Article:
E.J. Dionne has the president's number--57 percent of the American people think he misled us into a war in Iraq. And he brings up a point that has been absent from the debate as Bush calls those who question the war unpatriotic:
There is a great missing element in the argument over whether the administration manipulated the facts. Neither side wants to talk about the context in which Bush won a blank check from Congress to invade Iraq. He doesn't want us to remember that he injected the war debate into the 2002 midterm election campaign for partisan purposes, and he doesn't want to acknowledge that he used the post-Sept. 11 mood to do all he could to intimidate Democrats from raising questions more of them should have raised.Dionne notes that few Democrats had the courage to stand up to Bush (Paul Wellstone did, but his plane crashed). And while Democrats should be chastised for that failure of courage, it's also fair to remind people that when he forced a vote on the war in Iraq weeks before the 2002 election, Bush had an astronomical approval rating, and the nation was still in a post-9/11 mood for blood that is only now beginning to retreat in favor of reasoned debate.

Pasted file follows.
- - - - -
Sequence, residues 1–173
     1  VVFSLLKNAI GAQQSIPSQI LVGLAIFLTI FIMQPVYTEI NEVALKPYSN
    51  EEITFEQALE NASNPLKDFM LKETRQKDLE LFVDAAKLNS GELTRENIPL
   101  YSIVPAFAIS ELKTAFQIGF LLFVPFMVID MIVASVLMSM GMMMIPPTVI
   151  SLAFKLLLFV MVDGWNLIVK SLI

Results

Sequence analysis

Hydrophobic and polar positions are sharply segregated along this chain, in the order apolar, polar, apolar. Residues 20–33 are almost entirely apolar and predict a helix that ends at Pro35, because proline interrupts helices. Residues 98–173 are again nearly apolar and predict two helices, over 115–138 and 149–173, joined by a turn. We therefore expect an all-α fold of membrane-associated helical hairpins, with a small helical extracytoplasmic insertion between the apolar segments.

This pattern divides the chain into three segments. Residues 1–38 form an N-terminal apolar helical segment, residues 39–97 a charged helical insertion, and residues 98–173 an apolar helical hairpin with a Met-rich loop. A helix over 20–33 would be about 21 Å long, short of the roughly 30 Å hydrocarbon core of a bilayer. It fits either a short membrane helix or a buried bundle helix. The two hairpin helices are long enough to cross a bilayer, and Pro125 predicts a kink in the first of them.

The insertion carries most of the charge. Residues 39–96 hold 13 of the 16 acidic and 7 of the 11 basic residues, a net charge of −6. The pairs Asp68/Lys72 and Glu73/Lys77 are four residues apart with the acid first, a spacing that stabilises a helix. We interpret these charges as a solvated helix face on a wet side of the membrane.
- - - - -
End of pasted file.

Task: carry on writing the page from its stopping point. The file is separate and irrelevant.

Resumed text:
But Bush is in a different position now, and his ranging attacks on anyone who dares to criticize the way the war began just won't play with the public. The folks who said, last year, that Bush deserved to be re-elected so he could be called to account for his first-term actions may have had a point. It's not worth letting the Supreme Court turn into Vatican West, but there is a certain consolation in getting to watch this terrible president, and his terrible crew of cronies, forced to deal with the mess they've made.